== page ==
Passions erupt and flow like red-hot lava in Woody Allen’s 48th film, Wonder Wheel, which opens in Canadian theatres on December 8.
Set in the 1950s amid the honky-tonk atmosphere of New York City’s Coney Island amusement park, this dark, high-strung drama delves into the lives of four people who touch each other’s hearts profoundly.
Ginny (Kate Winslet), a former actress, has been reduced to working as a waitress in a clam house on the boardwalk. Unhappily married to her second husband, Humpty (Jim Belushi), the coarse, rough-hewn operator of a carousel, she yearns for a better life for herself and her 10-year-old son, Richie, a pyromaniac who needs expensive psychiatric therapy. Mickey (Justin Timberlake), a lifeguard and an aspiring playwright, catches Ginny’s eye, setting into motion a smouldering romance. Carolina (Juno Temple), Humpty’s estranged daughter, shows up at his house with two suitcases after leaving her mobster husband. She then proceeds to carry on with Mickey, driving Ginny into a rage.
It’s a combustible mix of emotions, and Allen juggles the fireworks with the aplomb of a seasoned auteur.
He directs an exceedingly accomplished cast. Winslet, playing a suppressed working-class woman with big ambitions and bigger dreams, is superb. Belushi is excellent as a tormented soul striving to satisfy a demanding spouse. Timberlake, the narrator, is fine as a bohemian intellectual caught between two desirable women. Temple, portraying the disillusioned and frightened wife of a gangster, is a model of sweetness and light.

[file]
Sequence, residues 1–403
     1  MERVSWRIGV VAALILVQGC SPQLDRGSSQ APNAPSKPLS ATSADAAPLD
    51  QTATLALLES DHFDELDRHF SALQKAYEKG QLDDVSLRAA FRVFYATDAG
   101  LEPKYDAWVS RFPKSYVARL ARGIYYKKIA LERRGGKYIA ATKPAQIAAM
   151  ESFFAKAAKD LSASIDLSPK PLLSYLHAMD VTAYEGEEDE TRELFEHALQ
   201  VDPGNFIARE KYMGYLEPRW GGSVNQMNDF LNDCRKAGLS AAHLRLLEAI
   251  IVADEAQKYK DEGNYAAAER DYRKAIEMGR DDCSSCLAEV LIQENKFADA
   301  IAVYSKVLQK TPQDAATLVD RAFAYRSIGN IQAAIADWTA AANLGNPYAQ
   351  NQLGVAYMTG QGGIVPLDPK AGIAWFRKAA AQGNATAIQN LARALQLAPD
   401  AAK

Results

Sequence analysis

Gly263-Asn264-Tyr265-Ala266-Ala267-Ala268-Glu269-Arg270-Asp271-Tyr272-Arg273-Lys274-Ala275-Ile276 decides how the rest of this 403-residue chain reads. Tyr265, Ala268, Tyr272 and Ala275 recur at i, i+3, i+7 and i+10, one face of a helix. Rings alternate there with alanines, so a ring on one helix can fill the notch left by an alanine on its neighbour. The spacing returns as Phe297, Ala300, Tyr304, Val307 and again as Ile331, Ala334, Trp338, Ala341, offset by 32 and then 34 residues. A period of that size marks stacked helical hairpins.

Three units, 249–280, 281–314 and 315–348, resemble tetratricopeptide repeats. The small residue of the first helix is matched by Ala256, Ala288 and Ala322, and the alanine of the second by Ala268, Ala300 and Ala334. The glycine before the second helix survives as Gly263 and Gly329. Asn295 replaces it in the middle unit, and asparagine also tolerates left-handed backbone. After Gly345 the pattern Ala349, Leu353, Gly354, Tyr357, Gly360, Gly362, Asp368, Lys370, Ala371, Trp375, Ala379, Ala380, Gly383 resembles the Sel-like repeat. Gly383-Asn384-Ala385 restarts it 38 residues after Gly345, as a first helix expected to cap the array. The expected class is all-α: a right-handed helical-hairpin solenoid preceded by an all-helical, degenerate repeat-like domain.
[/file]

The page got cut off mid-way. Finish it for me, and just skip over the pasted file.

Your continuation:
The movie begins as Carolina returns to her father’s house after a five-year absence. She doesn’t have a dime to her name and she’s in serious trouble after having jilted her jealous husband. At first, Humpty is none too pleased to see her. “You threw it all away,” he lectures Carolina sternly, referring to her ill-fated union with “a cheap hoodlum.” But Humpty soon warms to a daughter he never stopped loving. He allows her to live in his cramped house, he finds her a job as a waitress and he finances her night school studies.
Ginny, frumpy but attractive at 39, meets Mickey on the beach, and the romantic sparks fly. Although Mickey recognizes a “tragic flaw” in her character, he doesn’t care. Nor is he deterred by the fact that she’s older and married. As far as he’s concerned, this liaison is little more than a summer fling. Ginny, feeling trapped in a marriage to a man with whom she has nothing in common, regards her affair with Mickey as a last chance to find happiness.
When Ginny discovers that Carolina is romantically interested in Mickey, she tries to discourage Carolina from pursuing Mickey, whom she denounces as a “phony” who’ll break her heart. At this point, Carolina is still unaware that Ginny and Mickey are in a relationship.
Mickey likes and appreciates Ginny, but he’s not ready to commit, even after she buys him a $500 gold watch as a token of her affection. The unvarnished truth is far less complicated. Mickey, disregarding the sage advice of a friend, prefers Carolina to Ginny. As fate will have it, Mickey will come up short.
Wonder Wheel, bursting with the sound and fury of high-octane emotion, strikes all the right notes and is one of Allen’s finest films.